Flipping the bird is one of the easiest ways of airing out your frustrations and while Canadians are known for being polite, they apparently stick up the middle finger more than you think.
According to a recent ruling, Judge Dennis Galiatsatos determined that giving the middle finger is something all Canadians are entitled to. “To be abundantly clear, it is not a crime to give someone the finger. Flipping the proverbial bird is a God-given, Charter-enshrined right that belongs to every red-blooded Canadian,” Galiatsatos said.
“It may not be civil, it may not be polite, it may not be gentlemanly. Nevertheless, it does not trigger criminal liability.”
Judge Galiatsatos also ordered his fellow Canadians to be get some thicker skin when it comes to engaging in behavior that might raise someone’s middle finger. “Being told to ‘f*** off’ should not prompt a call to 911,” he said.
Apparently, the ruling came after neighbors Michael Naccache and Neall Epstein who live in Beaconsfield, Quebec, got in quite the scuffle. Naccache accused Epstein of violating his rights and threatening him in multiple ways, including Epstein setting up cameras to monitor his house, assaulting his parents in March 2021 and threatening to kill Naccache.
During the trial, Judge Galiatsatos found that none of that ended up being true. Instead, it was actually the opposite of what really happened.
“Naccache has installed four closed-circuit cameras filming the front of his house at all times. He has also installed two dashboard cameras in his parents’ vehicles, a third rear-facing camera in his father’s car, and a high-resolution camera on his motorcycle helmet. Between March and May of 2021, he monitored these cameras for any sign of [Epstein] and his family,” court documents said.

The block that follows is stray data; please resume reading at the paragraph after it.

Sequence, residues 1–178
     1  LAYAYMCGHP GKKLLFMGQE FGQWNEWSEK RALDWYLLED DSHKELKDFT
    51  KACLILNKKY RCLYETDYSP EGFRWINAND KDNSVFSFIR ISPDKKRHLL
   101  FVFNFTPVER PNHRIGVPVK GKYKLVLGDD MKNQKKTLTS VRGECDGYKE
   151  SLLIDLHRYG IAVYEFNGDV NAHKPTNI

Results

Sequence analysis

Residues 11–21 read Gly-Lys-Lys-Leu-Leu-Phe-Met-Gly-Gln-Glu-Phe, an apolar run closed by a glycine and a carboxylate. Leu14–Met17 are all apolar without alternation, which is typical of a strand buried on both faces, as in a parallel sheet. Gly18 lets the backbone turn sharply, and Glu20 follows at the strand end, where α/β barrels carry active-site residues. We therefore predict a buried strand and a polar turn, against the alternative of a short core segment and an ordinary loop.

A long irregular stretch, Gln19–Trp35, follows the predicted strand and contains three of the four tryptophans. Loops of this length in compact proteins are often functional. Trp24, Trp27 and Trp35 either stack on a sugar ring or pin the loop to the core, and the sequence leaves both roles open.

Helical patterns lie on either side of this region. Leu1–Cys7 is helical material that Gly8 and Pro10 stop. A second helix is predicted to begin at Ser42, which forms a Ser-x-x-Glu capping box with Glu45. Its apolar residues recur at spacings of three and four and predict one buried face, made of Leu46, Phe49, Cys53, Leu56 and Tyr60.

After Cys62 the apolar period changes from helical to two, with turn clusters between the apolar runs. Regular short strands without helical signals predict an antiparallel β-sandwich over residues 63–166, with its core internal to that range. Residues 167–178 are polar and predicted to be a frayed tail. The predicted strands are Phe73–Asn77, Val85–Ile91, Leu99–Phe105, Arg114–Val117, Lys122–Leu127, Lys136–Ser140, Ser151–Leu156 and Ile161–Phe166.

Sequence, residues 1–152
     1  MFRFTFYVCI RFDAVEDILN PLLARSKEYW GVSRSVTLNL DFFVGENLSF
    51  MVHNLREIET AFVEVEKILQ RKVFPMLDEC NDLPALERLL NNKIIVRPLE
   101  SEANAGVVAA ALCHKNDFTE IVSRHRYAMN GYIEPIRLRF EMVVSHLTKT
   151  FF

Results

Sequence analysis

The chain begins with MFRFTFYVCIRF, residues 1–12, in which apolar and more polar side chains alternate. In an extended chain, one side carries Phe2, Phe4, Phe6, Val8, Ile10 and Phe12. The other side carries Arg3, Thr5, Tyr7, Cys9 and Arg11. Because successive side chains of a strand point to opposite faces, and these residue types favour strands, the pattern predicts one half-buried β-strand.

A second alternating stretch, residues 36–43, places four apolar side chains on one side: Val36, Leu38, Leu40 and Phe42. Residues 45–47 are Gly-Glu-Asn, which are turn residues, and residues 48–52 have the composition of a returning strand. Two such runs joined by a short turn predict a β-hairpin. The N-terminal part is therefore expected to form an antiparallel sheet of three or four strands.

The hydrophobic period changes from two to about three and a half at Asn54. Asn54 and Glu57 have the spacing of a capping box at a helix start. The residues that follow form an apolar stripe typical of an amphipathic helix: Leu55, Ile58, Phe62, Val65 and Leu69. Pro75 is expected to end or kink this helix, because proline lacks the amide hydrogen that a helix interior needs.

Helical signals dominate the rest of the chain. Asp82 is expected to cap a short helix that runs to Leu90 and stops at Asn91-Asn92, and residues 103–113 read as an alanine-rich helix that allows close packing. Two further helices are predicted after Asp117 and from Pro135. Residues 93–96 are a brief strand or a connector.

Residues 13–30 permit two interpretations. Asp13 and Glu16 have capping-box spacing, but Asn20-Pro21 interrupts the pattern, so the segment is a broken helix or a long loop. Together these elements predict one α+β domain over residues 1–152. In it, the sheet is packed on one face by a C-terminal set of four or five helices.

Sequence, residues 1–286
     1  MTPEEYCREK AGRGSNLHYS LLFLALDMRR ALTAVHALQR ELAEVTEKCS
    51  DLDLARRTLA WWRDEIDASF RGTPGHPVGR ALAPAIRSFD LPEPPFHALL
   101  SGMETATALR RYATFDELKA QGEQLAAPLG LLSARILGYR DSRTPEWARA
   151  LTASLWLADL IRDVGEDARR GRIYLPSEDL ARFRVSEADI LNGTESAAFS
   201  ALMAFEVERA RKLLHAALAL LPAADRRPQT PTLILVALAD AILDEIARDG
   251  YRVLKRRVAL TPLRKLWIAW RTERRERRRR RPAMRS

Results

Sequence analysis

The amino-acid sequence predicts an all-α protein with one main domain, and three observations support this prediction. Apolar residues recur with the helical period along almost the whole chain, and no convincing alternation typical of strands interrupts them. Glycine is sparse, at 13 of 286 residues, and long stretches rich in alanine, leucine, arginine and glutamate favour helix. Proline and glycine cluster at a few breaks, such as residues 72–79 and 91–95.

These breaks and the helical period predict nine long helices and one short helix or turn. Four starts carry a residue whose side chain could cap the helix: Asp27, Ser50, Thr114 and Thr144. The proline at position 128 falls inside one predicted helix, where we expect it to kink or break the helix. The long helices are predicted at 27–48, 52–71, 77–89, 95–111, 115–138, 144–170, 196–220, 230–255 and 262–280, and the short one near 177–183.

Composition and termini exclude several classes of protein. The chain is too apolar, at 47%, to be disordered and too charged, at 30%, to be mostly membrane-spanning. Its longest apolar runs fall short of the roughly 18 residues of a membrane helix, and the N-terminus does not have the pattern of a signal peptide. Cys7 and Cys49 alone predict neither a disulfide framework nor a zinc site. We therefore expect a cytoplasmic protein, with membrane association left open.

Flipping middle finger came after Epstein was going on a walk on May 18, 2021. Video footage from Naccache’s cameras captured Epstein giving Naccache the finger after his patience wore thin. Naccache was wielding an electric drill at the time and had started to yell at Epstein with it in his hands.
When Epstein returned from his walk, a police officer was waiting for him at his home. He handed Epstein a summons to court, which led to this ruling. “Having heard the testimony and carefully reviewed the audiovisual evidence, the Court does not believe Mr. Naccache. It rejects his testimony as rehearsed, evasive, and untruthful on many levels,” the case ruling notes.